In this article, I’ll explain the following:
- Why some websites that “look good” do not and will not generate leads… and a general remedy for this common problem
- My Value Proposition & Differentiation Test
- My Problem Solving vs. Products/Services Test
- My Sales Proactivity Test
- My Proof Test
- My Conversion Dynamics/Calls To Action Test
- My Technical Test
- The reason why I install heat map tracking, and leave it running
Many of the websites I inherit when working with a new client or organisation have clearly been assembled by a talented designer – which, from my perspective, is bloody great because I’ve got a strong foundation to build upon. A strong design communicates quality, attitude, and credibility… and a visually pleasing website can leave a lasting and memorable impact on a visitor. However, a website with a striking design doesn’t always produce leads or sales – which is not good for the guy or girl accountable for sales and marketing ROI, and/or business growth.
This is a pretty common problem. Many sites have been built to look and feel great – but unknowingly via an exclusive exchange for conversion performance. These sites pack a visual punch, but provide no real problem solving or outcome providing value to their visitors… which means the site will struggle to invoke a commercial response from a visitor. Nice looking websites lacking in a conversion strategy are effectively a digital piece of art, open wide for interpretation.
For a website to generate leads or sales, it needs to successfully sell the value of the company or entity it represents. This is achieved via a combination of design and copy components – with a strong emphasis on sales copy. It’s widely accepted in direct-response and conversion circles that a site that looks “average” but has strong sales copy will convert much better than a site that looks “great” but contains little or no sales copy.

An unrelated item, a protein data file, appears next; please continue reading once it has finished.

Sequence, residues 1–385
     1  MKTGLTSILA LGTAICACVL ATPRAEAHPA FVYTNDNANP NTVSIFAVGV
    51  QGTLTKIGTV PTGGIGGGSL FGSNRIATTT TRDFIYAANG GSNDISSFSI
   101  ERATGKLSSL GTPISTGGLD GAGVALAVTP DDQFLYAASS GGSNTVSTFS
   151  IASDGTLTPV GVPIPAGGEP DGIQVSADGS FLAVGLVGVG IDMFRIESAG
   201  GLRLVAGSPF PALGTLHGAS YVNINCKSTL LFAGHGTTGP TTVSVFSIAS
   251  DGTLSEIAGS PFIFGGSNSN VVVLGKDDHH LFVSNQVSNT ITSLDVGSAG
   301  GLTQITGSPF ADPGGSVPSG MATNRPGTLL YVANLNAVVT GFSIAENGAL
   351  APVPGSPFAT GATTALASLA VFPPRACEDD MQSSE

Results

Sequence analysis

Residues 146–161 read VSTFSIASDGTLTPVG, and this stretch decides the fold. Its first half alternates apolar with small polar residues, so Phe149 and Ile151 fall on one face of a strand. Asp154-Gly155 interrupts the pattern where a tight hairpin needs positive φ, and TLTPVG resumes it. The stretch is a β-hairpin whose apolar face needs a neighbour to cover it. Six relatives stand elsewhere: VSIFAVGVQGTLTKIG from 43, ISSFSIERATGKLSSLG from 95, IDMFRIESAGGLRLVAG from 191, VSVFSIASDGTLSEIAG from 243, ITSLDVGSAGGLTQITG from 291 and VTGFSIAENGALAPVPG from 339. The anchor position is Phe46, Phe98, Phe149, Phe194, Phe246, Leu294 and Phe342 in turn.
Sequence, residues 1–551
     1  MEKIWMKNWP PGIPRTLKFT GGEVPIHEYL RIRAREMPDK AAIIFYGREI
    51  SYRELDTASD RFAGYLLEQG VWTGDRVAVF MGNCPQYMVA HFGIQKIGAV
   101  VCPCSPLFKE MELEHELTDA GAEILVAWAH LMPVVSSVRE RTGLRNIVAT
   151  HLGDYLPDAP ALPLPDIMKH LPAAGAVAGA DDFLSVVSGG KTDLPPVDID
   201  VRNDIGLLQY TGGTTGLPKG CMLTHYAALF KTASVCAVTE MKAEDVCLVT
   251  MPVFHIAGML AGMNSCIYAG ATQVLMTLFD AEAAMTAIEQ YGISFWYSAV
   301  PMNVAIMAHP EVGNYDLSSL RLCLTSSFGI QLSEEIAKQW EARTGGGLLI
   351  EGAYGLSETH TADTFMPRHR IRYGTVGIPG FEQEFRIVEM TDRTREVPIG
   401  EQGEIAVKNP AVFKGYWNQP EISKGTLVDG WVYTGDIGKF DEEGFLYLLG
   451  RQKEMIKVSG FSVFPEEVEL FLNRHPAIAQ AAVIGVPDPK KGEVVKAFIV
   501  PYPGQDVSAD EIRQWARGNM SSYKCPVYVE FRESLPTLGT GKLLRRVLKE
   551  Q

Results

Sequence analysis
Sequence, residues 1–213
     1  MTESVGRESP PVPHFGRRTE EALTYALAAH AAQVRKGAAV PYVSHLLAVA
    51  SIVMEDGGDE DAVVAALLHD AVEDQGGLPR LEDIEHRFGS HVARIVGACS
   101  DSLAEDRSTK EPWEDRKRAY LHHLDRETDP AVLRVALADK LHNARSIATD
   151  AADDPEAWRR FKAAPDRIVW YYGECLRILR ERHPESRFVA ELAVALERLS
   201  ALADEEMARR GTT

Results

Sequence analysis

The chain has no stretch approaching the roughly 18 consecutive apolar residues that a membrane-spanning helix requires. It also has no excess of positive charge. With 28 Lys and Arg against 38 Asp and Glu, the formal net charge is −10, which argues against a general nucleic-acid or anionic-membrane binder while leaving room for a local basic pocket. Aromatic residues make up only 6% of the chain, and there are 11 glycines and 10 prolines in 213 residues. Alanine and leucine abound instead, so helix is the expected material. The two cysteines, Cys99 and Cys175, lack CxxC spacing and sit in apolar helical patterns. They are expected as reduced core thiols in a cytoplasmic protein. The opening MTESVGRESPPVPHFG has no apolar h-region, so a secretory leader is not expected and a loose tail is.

In other words, design, and design alone won’t generate a flood of leads or sales. To my friends in advertising, I’m not sorry I said that. What does generate leads and sales is a combination of design, copy, and other tactical conversion elements that I will explain below.
Because I deal with the above situation reasonably frequently, I’ve time-tested a 15 minute strength check process that I use to audit an organisation’s site. When I run this process, I usually end up with a list of action items I need to address to improve the conversion strength of the site. Let me tell you more about it.
Introducing the “15 Minute Strength Check” Process
This “strength check” process is designed to be used quickly on any lead generating or sales generating website… so if your site generates phone calls, opt-ins, enquiries, bookings, or sales, read on.
The purpose of this process is to identify any conversion bottlenecks that may be inhibiting the direct-response capability of your site.
These checks and tests focus on a few different elements – general sales strength, relevance to the prospect, tactical design/copy components and site mechanics (load times, mobile compatibility etc.).
I’ve loaded this process up into a checklist style format, containing multiple ‘tests’, so you can use it on your own site to identify areas for improvement.
If you answer “no” to any of these, you’ve got low-hanging fruit. Let’s get into it.
Value Proposition & Differentiation Test
This test makes sure your Unique Value Proposition, and your key points of differentiation, are clearly presented on your site. Your Unique Value Proposition, and smaller derivatives called Unique Value Statements, are tools that strategically differentiate your organisation from your competitors. Read more here.
- Does your site clearly and quickly communicate exactly how you provide value to your target customers? On other words, if a BRAND NEW customer, visits your site, will they QUICKLY (< 4 seconds) understand what you can do for them? Assume they have never heard of you before.
- Does your site cater to customers who may be in the awareness stage where they do not yet know a solution exists for their problem? In other words, don’t assume all of your customers know what your service or product will do for them.
- Does your site clearly communicate how you are different to your competitors?
- Does your site clearly communicate your experience and unique thought leadership?
Problem Solving vs. Products/Services Test